The world looks so much better after a glass of yoga.
Last night, I had the realization, deep in my belly, after placing clean clothes on Aidan’s empty bed, that he won’t be living with us anymore, which is to say that we won’t be a family ever again, not in the way we have been–for a QUARTER of a CENTURY–which is a stunning turn after the thousands of days spent tending to children under our roof.
This morning, waking with the light, in the generous absence of parenting (Aidan is away at camp), I realized something else–my summer flow:
Pour the tea, morning pages, set an intention for writing (continue cycling through the alphabet–3 days for each letter; I’m up to “O,” which reminds me of the game Aidan still likes to play, ie. WIN on long car rides), draw a page from the book, then begin working on it–writing, planning, shaping; followed by a light breakfast, and a short drive to town for yoga.
I was on the mat when it came to me, along with tears that I hadn’t realized were seeping: This could be the rhythm–MY rhythm–without kids in the home.
As I returned upright from Supta Baddha Konasana, I mentally cataloged the flow so that I wouldn’t forget:
steep the tea, Tulsi Rose (my go-to since Menopause after a lifetime with mint)
morning pages practice
It was 2012 when yoga offered a spine to a year of radical change. It wasn’t so much that yoga gave rise to the change, but allowed for it, supported it, made it sustainable, ie. I had my own back.
That year-long study to earn my teaching certificate ushered me into writing about my deepest loss, to facing the arousal of death brought on by approaching 50, to taking an NGO spot at the annual Commission of the Status of Women at the United Nations (my late grandmother’s unrealized dream), to making the decision to leave international work in order to devote more of me to art–specifically to shaping a memoir along the bone of an accident that took so much more than 4 lives.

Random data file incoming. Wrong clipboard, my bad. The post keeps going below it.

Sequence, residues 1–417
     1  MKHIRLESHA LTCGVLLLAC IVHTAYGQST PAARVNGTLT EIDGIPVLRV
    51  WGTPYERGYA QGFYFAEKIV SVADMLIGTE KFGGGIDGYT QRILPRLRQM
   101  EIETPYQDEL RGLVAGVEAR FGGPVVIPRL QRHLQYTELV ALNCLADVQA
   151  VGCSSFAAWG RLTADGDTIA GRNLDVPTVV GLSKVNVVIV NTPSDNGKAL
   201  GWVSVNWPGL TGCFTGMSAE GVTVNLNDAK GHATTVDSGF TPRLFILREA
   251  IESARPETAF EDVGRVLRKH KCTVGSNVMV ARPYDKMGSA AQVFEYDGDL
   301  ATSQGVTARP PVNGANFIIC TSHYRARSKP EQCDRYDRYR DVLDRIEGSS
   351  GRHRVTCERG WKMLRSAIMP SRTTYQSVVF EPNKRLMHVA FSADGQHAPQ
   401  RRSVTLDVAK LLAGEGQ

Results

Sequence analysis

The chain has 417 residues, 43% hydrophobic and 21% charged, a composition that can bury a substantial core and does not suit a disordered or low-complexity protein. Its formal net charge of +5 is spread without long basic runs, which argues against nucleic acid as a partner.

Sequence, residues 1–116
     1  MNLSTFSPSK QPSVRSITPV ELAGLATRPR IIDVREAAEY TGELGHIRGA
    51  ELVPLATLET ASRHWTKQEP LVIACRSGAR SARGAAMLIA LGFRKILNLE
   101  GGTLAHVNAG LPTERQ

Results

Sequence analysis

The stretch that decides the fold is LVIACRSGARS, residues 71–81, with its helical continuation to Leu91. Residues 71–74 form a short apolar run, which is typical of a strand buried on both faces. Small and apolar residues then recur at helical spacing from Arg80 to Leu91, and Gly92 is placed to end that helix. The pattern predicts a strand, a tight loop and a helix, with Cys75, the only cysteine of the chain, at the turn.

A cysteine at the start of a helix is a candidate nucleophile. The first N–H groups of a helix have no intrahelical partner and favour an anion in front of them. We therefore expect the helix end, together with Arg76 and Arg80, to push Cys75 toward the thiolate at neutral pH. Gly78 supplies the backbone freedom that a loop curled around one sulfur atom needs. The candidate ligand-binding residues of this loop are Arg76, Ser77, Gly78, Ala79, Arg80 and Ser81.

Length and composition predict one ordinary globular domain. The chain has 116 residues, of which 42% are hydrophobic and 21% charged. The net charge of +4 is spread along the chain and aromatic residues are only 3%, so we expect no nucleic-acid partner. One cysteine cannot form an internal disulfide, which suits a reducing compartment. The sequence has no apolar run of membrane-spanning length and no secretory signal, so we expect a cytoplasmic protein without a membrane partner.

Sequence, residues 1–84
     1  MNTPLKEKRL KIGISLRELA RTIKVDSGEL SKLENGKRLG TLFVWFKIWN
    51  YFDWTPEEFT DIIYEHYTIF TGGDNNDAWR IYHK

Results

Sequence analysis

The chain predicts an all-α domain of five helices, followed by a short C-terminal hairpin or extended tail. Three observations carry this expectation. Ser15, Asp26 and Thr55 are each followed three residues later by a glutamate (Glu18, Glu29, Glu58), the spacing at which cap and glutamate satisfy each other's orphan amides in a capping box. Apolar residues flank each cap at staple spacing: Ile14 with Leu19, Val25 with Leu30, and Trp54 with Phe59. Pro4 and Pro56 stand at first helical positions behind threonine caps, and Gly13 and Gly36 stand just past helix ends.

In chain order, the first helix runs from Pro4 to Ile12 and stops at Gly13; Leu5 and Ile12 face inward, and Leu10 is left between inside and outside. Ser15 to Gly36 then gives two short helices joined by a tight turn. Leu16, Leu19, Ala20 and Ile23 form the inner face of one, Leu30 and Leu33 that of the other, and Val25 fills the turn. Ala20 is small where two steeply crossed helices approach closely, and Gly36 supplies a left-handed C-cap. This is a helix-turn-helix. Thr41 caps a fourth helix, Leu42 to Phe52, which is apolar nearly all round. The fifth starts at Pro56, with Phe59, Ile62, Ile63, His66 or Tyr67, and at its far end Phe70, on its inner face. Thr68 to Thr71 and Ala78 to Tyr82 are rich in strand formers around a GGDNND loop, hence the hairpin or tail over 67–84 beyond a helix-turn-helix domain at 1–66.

I expected to celebrate publication alongside my 50th, even made a soft plan to release the book (and sign copies) when the Cape May – Lewes Ferry celebrated its 50th too since it figures prominently in my story.
Another year passed.
I set to studying the art of a long life, Ayurveda, the sister science to yoga. Another year.
I deepened into the chakras–the interface of body and spirit. Another year.
I shifted into more practical directions, apprenticing with leading authors. Years.
I turn 55 at the end of this one, the same age Lila was when she climbed the bridge in a Thunderbird and never made it to the other side.
If I can finish before I reach the same age, I will have done what?
There is some game being played that I don’t totally understand, hearkening back to when it was only miles that separated me from my grandmother, instead of states of being, though two-thousand miles is like a death for a 7-year-old, which must be why strangers had to rip me from Lila’s arms and put me on that plane, and slap me across the face so that the pilot could take off, taking me from the Atlantic to the Rockies where I’d wait out a sentence of 4 years.
10, 9, 8, 7, 6, 5, 4…
If I can make it into the house before 0, she won’t die; we all won’t die; I won’t die.
3, 2, 1…
But if I finish the book, doesn’t that mean she dies all over again?
If not abject despair, trauma gives rise to magical thinking, and it was as a girl of 14 that I placed my grandmother, safely, in a rehabilitation center where she could recuperate from the accident that *almost* took her life.
I was the only one that knew she was there and she remained there, for decades, until that year that yoga allowed me to write into that which one should never bear.
Retrospect is so romantic, like those who miss caring for newborns, memories absent of the toll of sleepless nights, and a spouse who lets you down, but still expects sex, from a body which has surrendered itself to grow, deliver and sustain new life.
There’s something I’m needing in this new year, something to support me in this great transition of releasing motherhood, a role that was foisted onto me as a small child, the oldest of 8 siblings, and dozens of cousins, alcoholism and tragedy.
Fly, little Kelly, fly, and wasn’t it flying that I planned to do as I came of age in my twenties like my father and grandfather before me; only in tending others, 25 came too soon, and with it my sense of mortality which prohibited suspension in the sky.
I await instructions.
(photo: when a writer reheats pizza)